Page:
NEW YORK (CNN) -- An assistant principal of a New York middle school who was hospitalized with the H1N1 virus, commonly known as swine flu, died Sunday from flu complications, hospital and state officials said.
New York City Health Commissioner Thomas R. Frieden reports a rising tide of flu in the city.
It's the sixth death in the United States that health authorities have linked to the virus.
"It is with great sadness tonight that we learn that New York has lost one of its residents to an illness related to H1N1," New York Gov. David Paterson said.
Mitchell Wiener, 55, assistant principal at Intermediate School 238 in Queens, died at 6:17 p.m. Sunday, said Andrew Rubin, a spokesman at Flushing Hospital.
"We believe he had complications of the swine flu," Rubin told CNN Radio, adding that once Wiener was admitted to the hospital, he was listed in critical condition. However, he wouldn't say whether Wiener had any pre-existing medical conditions.
Last week, when city and state officials announced that four students were infected and that a school official in Queens was "critically ill" with the virus, Mayor Michael Bloomberg did not name the official but described the staffer as an assistant principal who "may have had other health problems."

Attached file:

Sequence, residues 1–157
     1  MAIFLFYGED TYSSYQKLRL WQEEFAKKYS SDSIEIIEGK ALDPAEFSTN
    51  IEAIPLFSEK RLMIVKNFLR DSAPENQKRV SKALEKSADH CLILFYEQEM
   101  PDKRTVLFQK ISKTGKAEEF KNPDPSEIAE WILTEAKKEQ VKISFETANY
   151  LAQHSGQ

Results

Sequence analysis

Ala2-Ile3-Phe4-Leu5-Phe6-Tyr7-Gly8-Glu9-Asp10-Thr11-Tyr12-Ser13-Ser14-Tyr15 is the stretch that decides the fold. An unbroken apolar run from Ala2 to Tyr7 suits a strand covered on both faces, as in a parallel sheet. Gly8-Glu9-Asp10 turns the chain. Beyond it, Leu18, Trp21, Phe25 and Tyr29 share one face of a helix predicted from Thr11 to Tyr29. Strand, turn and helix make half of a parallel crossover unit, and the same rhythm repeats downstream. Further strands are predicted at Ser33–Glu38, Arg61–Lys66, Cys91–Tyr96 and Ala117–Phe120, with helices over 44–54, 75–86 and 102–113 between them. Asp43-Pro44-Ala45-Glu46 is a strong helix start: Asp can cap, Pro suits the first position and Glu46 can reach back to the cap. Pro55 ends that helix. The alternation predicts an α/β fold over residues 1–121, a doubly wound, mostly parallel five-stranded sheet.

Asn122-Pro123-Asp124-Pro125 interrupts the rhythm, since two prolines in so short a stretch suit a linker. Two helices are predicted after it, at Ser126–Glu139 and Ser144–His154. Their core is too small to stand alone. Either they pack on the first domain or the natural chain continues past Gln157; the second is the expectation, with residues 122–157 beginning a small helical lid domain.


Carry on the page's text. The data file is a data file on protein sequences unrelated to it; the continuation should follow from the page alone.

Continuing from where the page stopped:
"We're trying to identify that and ascertain whether those problems were exacerbated by the flu or whether it's totally unrelated," Bloomberg said at the time.
Since the H1N1 outbreak surfaced last month, the Centers for Disease Control and Prevention has linked four U.S. deaths to swine flu: a Mexican toddler who was visiting with her family in Texas; a pregnant Texas woman who had been on life support since April; a Washington state man with heart problems who died from flu complications; and an Arizona woman with lung disease.
The Texas Department of State Health Services said Friday that the death of a Nueces County man in his 30s was linked to swine flu. Wiener's case is the sixth U.S. death linked to H1N1. Learn more about the H1N1 influenza virus »
All had pre-existing medical problems.
Wiener's school is one of eight temporarily closed in New York due to flu concerns.
"We are now seeing a rising tide of flu in many parts of New York City," Thomas R. Frieden, the city's health commissioner, said earlier Sunday. "With the virus spreading widely, closing these and other individual schools will make little difference in transmission throughout New York City, but we hope will help slow transmission within the individual school communities."
The flu strain, which originated in Mexico, killed dozens of people there, causing U.S. officials to worry that it could take a similar toll after spreading across the border. But it has thus far acted similar to typical seasonal influenza, which usually can be treated successfully but can be deadly among the very old, very young and people with pre-existing health problems.
CNN Radio's Patty Lane contributed to this report.
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